Red-hot inflation eating away at most Americans' wage gains

Wages for all employees actually fell 2.4% in December

The tightest labor market in years is driving rapid wage gains for most workers – the only problem is that red-hot inflation is quickly eroding those increases. 

The Labor Department reported on Friday that average hourly earnings for all employees actually decreased 2.4% in December from the same month a year ago when factoring in the impact of rising consumer prices. On a monthly basis, average hourly earnings increased by just 0.1% in December, when factoring in the 0.5% inflation spike. 


By that measure, the typical U.S. worker is actually worse off today than they were a year ago, even though nominal wages are rising at the fastest pace in years. That's because inflation is also surging: The government reported on Friday morning that the consumer price index rose 7% in December from a year ago, marking the fastest increase since June 1982, when inflation hit 7.1%. 

The CPI – which measures a bevy of goods ranging from gasoline and health care to groceries and rents – jumped 0.5% in the one-month period from November.

inflation eroding wage gains

Customers stand in line to check out at a grocery store in San Francisco, California, on Nov. 11, 2021. (David Paul Morris/Bloomberg via Getty Images / Getty Images)

So-called core prices, which exclude more volatile measurements of food and energy, soared 5.5% in December from the previous year – a sharp increase from November, when it rose 4.9%. It was the steepest 12-month increase since 1991.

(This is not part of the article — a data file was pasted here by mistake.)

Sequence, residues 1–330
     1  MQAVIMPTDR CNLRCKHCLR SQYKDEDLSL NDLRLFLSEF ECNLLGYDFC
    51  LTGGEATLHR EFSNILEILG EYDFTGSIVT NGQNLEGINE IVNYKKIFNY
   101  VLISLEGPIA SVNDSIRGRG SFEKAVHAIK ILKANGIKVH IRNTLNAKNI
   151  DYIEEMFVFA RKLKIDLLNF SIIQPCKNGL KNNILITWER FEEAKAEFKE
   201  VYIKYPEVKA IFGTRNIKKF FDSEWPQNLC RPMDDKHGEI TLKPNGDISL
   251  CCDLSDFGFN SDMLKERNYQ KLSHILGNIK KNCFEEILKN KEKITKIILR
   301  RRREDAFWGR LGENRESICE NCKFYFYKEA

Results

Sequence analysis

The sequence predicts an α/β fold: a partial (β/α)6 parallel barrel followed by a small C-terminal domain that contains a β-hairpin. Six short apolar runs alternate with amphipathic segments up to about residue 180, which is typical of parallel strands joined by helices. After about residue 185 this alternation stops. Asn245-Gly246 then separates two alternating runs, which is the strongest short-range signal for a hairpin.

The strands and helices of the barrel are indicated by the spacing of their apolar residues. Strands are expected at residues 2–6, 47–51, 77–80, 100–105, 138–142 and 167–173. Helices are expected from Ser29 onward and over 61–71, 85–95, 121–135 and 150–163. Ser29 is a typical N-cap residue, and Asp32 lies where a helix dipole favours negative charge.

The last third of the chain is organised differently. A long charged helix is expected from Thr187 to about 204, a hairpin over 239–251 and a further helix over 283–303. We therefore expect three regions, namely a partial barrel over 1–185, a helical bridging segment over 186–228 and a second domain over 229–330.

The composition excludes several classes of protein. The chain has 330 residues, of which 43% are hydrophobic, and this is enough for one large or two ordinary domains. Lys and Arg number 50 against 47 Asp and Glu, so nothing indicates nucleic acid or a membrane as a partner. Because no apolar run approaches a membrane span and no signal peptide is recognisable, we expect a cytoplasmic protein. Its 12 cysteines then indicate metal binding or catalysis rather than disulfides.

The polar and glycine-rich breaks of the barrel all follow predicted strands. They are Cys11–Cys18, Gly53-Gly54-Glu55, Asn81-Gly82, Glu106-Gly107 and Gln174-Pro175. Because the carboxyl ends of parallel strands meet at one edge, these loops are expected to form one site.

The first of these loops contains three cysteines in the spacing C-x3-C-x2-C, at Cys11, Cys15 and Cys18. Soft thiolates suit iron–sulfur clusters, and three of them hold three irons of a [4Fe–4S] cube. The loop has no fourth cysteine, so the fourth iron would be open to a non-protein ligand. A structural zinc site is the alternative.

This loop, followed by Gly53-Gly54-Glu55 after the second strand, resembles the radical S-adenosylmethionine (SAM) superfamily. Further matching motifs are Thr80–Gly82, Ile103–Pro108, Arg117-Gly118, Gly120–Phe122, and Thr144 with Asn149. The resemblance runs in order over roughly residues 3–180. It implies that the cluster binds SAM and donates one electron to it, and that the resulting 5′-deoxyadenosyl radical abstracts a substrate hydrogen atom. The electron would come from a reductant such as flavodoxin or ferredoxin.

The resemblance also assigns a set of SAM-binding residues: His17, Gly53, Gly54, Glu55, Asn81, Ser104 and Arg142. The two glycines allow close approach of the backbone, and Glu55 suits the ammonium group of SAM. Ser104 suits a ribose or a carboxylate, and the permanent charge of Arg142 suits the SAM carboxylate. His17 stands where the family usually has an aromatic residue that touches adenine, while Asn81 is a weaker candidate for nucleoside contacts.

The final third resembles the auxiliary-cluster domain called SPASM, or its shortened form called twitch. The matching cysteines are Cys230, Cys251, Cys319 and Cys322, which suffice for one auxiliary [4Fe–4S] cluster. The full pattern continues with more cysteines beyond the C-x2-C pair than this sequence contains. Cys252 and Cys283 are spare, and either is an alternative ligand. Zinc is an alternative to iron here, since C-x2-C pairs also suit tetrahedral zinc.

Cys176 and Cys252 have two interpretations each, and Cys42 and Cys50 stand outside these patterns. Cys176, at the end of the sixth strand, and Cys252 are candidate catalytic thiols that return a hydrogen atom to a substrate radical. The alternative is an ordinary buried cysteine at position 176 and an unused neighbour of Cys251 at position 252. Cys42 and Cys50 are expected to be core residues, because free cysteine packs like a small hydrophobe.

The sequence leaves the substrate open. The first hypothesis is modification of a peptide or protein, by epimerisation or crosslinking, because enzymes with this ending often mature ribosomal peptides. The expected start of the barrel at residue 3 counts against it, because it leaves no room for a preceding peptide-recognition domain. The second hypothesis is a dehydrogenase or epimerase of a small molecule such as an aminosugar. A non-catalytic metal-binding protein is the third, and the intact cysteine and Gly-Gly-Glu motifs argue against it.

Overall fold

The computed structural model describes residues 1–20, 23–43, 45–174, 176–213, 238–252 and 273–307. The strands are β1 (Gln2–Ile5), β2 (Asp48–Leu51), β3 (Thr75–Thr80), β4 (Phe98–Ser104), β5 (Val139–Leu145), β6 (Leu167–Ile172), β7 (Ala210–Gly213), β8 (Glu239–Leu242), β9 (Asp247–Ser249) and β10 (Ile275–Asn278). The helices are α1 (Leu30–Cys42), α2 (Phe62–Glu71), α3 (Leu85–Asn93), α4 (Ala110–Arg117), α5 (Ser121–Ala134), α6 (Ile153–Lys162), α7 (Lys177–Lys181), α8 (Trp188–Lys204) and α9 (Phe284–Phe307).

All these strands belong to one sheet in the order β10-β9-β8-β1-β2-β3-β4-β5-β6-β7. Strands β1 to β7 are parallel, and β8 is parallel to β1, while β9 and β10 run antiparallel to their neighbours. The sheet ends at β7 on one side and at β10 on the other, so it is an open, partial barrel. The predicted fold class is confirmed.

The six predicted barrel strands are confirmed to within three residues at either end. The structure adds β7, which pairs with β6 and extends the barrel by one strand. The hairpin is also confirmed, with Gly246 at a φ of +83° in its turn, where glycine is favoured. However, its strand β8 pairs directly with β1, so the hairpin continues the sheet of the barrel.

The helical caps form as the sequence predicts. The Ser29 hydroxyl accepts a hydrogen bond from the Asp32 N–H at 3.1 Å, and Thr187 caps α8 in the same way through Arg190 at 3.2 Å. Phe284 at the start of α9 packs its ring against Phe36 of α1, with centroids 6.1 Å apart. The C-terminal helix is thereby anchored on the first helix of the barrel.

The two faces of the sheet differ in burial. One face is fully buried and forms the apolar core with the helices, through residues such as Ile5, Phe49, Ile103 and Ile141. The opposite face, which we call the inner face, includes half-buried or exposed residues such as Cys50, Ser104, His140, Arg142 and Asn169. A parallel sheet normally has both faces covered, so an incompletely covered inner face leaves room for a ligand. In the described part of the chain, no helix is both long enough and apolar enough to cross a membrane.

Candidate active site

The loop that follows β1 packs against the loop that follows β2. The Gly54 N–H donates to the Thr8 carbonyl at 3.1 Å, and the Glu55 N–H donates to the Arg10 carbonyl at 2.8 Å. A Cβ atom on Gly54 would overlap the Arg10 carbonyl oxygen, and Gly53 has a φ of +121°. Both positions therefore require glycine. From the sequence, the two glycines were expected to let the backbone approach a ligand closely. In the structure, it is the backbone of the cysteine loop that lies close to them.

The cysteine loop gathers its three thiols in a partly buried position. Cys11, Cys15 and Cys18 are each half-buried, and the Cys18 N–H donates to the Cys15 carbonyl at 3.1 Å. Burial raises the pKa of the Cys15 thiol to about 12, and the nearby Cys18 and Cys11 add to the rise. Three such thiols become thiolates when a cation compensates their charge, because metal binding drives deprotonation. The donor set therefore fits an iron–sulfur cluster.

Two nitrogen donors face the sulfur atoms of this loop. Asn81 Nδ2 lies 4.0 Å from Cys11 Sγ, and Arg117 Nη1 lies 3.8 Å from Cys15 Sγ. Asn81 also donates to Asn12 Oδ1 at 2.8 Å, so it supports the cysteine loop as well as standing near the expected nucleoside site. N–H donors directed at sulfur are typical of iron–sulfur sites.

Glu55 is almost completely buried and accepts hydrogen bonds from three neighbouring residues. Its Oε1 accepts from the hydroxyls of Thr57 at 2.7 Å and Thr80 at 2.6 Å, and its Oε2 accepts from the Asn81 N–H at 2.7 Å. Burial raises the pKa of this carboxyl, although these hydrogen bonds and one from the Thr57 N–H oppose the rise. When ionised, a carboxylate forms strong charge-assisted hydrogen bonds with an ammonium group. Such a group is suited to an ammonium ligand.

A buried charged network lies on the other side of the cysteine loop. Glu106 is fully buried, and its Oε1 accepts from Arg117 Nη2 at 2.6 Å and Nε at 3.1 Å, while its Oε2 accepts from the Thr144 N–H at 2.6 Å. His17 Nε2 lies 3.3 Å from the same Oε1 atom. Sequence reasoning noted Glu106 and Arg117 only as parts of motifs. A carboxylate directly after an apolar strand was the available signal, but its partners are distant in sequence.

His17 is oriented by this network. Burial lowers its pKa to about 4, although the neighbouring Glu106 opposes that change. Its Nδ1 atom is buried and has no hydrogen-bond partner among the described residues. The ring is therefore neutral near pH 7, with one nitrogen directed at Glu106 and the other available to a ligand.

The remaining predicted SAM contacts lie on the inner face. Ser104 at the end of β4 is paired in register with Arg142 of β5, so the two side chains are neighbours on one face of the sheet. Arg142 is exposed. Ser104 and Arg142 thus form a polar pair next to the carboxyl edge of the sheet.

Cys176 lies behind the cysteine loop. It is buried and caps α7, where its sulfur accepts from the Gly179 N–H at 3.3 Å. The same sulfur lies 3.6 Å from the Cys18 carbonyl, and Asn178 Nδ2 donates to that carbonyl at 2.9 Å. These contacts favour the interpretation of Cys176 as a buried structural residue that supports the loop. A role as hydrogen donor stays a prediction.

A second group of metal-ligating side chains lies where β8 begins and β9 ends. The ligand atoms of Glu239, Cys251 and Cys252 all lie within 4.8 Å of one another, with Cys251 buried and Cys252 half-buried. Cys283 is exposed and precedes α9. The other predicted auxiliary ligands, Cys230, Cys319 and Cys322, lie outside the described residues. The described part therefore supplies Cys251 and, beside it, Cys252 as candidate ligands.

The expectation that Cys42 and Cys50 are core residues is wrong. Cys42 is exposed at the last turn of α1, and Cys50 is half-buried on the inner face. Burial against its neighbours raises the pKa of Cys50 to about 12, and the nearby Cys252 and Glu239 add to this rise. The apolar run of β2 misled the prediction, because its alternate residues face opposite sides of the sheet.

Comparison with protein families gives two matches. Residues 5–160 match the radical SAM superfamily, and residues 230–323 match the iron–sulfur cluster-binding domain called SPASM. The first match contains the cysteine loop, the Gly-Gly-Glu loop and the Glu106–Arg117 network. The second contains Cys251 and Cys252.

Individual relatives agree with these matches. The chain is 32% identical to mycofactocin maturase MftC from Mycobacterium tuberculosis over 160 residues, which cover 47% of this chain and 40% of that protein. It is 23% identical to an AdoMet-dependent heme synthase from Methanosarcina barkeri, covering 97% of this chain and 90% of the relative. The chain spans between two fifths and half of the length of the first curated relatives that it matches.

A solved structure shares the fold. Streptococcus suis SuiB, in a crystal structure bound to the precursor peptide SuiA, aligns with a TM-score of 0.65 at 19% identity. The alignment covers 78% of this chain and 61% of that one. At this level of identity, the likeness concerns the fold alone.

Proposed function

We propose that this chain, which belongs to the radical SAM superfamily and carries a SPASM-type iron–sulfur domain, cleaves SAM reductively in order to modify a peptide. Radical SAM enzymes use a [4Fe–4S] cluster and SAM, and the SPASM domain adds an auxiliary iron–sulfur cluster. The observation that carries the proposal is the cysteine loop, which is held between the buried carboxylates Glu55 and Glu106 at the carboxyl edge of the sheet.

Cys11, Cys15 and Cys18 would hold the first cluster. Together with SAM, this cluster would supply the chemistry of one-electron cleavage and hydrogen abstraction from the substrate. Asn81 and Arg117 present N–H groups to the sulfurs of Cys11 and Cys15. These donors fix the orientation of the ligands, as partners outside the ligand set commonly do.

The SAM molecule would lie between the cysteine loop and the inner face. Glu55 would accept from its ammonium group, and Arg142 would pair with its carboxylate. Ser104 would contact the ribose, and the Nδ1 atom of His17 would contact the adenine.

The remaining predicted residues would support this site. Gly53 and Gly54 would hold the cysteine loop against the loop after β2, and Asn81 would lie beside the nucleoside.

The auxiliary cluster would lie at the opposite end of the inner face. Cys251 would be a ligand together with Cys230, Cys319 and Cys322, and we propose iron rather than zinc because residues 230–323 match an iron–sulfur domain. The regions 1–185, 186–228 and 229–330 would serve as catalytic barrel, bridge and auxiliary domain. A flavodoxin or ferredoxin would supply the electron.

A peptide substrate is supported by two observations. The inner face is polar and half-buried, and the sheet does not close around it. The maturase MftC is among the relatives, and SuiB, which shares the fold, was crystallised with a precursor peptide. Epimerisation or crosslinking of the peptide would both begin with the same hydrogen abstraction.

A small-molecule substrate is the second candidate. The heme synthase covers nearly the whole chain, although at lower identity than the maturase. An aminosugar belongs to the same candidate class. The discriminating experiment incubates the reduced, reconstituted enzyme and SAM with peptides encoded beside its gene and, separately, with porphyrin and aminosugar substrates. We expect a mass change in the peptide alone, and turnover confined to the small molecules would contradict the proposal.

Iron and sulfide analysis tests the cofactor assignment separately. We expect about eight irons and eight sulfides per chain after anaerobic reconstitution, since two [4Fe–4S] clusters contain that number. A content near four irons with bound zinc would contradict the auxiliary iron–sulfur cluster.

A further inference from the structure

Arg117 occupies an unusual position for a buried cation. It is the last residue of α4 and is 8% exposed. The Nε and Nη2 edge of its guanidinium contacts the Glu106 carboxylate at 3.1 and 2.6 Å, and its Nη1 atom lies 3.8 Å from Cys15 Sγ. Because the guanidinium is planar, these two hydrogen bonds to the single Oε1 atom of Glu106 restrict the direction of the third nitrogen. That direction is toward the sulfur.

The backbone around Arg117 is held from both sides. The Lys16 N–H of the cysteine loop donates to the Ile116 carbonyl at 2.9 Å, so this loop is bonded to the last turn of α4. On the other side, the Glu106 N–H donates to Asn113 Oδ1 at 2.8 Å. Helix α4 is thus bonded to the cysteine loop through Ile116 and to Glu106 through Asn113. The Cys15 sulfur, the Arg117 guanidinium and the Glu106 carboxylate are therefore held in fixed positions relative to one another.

Price increases were widespread. 

Although energy prices fell 1.1% in December from the previous month, they're still up 29.3% from last year. Gasoline, on average, costs 49.6% than it did last year. Food prices have also climbed 6.3% higher over the year, while used car and truck prices – a major component of the inflation increase – are up 37.3%. Shelter costs, which make up nearly one-third of the total increase, jumped 0.4% for the month and 4.1% year-over-year, the fastest pace since February 2007.

"Inflation at 7% is no joke," said Seema Shah, chief strategist at Principal Global Investors. "It’s the highest annual CPI number since 1982 and driven not by energy prices, but by just about everything else."

A shopper walks through the Dollar Tree store in Alhambra, California, on Dec. 10, 2021. (Frederic J. Brown/AFP via Getty Images / Getty Images)

The inflation spike has been bad news for President Biden, who has seen his approval rating plunge as consumer prices rose. The White House has blamed the price spike on supply-chain bottlenecks and other pandemic-induced disruptions in the economy, while Republicans have pinned it on the president's massive spending agenda. 


In a statement following the data release, Biden touted the decline in month-over-month inflation – at 0.5%, it was down slightly from the 0.8% increase in November – as evidence of a "meaningful reduction in headline inflation" and demonstrative of falling food and gas prices. 

"At the same time, this report underscores that we still have more work to do, with price increases still too high and squeezing family budgets," the president said. "Inflation is a global challenge, appearing in virtually every developed nation as it emerges from the pandemic economic slump. America is fortunate that we have one of the fastest-growing economies."